Madmen, terrorists, and dictators care little about treaties, U.N. resolutions, agreements, and summits. An overwhelming fear of death and of American nuclear power are the only deterrents such psychopaths will understand and respect. This simple and obvious reality seems completely lost on Senator Kerry. He shows such disdain for America's nuclear power, that one cannot but wonder whether the demise of "bunker-busting" weapons - despite the overwhelming benefits of such weapons in the global war on terrorism - would be just a first small step in Kerry's policy of eliminating most of America's nuclear arsenal. In fact, Teresa Heinz Kerry awarded General George Lee Butler with a Heinz Award in 2001; Butler is a proponent of the complete abolition of all U.S. nuclear weapons.
This is exactly how Kerry saw the world more than three decades ago, when he could not tell the difference between the American forces who were fighting to protect civilians, defend freedom, and promote democracy, and the communists who fought to simply gain power, steal property, enforce terror, and promote tyranny. In his arguments about the Vietnam War included in his 1971 testimony before Congress he stated: "we found most people didn't even know the difference between communism and democracy. They only wanted to work in rice paddies without helicopters strafing them." Such moral confusion seems to be a consistent trait of his character. At least on such issues he doesn't flip-flop very much.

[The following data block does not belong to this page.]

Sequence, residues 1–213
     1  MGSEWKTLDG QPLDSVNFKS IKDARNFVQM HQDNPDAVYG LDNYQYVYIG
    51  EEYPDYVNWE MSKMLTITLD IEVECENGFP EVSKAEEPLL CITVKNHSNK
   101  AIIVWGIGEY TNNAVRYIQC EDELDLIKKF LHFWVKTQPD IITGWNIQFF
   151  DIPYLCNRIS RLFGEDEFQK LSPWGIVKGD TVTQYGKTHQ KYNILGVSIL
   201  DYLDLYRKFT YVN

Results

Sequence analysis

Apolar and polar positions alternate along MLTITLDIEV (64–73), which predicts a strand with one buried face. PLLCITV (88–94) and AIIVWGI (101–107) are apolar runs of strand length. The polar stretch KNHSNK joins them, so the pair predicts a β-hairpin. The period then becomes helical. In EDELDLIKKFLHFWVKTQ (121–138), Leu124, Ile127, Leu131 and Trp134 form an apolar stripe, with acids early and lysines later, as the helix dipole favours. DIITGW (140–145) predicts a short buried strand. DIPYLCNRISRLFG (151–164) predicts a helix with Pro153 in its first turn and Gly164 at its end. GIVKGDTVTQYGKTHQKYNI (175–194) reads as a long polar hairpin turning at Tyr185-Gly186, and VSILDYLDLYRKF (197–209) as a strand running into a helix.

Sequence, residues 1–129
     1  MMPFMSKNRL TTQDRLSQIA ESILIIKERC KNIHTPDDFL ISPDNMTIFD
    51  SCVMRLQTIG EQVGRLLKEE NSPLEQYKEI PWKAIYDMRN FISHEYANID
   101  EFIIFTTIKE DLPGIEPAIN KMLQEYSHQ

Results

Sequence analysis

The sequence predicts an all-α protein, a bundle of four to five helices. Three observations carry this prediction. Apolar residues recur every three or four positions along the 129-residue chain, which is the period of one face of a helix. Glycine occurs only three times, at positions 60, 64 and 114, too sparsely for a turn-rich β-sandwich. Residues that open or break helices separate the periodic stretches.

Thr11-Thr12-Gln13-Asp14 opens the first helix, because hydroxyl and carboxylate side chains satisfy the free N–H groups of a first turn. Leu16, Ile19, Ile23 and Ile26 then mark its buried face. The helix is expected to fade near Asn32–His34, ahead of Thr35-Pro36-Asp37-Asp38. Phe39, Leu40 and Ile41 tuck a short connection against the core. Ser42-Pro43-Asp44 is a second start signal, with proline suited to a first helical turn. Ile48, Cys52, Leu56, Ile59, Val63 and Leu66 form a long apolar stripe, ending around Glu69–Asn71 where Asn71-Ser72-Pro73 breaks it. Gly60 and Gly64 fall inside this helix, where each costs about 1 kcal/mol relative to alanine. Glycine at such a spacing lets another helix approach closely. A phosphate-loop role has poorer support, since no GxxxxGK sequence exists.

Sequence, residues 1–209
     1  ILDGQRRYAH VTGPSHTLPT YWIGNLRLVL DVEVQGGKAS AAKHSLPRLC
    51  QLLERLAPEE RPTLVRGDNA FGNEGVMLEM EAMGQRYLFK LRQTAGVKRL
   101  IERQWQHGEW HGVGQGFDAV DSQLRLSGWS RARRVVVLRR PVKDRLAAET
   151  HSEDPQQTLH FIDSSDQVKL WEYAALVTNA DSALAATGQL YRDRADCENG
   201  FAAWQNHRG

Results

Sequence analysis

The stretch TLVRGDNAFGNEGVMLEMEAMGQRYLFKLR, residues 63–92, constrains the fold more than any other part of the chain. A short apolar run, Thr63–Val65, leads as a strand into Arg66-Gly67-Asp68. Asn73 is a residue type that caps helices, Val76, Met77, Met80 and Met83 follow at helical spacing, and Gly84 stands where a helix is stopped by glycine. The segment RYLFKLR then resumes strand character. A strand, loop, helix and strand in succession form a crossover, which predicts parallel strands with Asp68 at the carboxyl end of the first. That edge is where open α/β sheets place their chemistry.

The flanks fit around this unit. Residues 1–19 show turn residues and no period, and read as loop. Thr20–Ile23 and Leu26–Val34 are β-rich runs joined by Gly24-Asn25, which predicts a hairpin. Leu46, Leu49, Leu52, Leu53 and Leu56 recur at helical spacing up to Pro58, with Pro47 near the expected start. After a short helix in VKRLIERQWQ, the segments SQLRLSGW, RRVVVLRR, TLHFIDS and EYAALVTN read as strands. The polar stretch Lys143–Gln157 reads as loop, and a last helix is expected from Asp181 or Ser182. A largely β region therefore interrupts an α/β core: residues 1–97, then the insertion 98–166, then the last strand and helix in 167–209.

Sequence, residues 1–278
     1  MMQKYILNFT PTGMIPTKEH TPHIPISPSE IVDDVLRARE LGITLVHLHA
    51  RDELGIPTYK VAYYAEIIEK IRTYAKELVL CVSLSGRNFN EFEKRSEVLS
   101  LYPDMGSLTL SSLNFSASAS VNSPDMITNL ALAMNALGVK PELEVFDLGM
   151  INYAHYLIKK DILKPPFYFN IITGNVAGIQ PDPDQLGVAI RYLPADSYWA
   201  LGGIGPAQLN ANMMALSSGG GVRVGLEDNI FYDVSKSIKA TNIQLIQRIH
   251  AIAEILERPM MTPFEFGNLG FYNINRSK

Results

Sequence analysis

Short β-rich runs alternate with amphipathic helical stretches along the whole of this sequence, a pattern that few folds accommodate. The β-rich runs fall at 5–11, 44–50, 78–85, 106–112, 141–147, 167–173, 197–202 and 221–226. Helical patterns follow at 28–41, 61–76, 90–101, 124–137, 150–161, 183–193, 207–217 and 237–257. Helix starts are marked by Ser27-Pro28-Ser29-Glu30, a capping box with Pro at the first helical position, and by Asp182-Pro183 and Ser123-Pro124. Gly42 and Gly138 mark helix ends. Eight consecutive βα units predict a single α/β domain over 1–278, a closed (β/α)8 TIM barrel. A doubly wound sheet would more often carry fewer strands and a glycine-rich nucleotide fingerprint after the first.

Very little seems to have changed in how much John Kerry distrusts America, despises our military strength, and abhors our fight for the defenseless. More than thirty years ago Kerry's shameful smears of America's military and his vociferous antiwar protests contributed to America's premature withdrawal from Southeast Asia. This ultimately allowed the communist slaughter of two and a half million innocent civilians in that region. Back then Kerry also called America's defense of freedom and innocence a "mistake." Now this same man is calling the Iraqi war against terror, fought to restore freedom and liberate 23 million people from the tyranny of a murderous madman and reduce the threat of catastrophic terrorist attacks on our country, another "mistake."
If indeed this is the type of "help that is on the way" from a Kerry administration, our military will be much better off without it.
Chris Banescu is an attorney, entrepreneur, and university professor. His business, ethics, and management articles and podcasts can be found on ChrisBanescu.com. He is a regular contributor to
OrthodoxyToday.org, manages the conservative site
OrthodoxNet.com, writes articles, and has given talks
and conducted seminars on a variety of business and management topics. He has also written book reviews for Townhall.com and articles for Acton.org. Other articles available in his archive.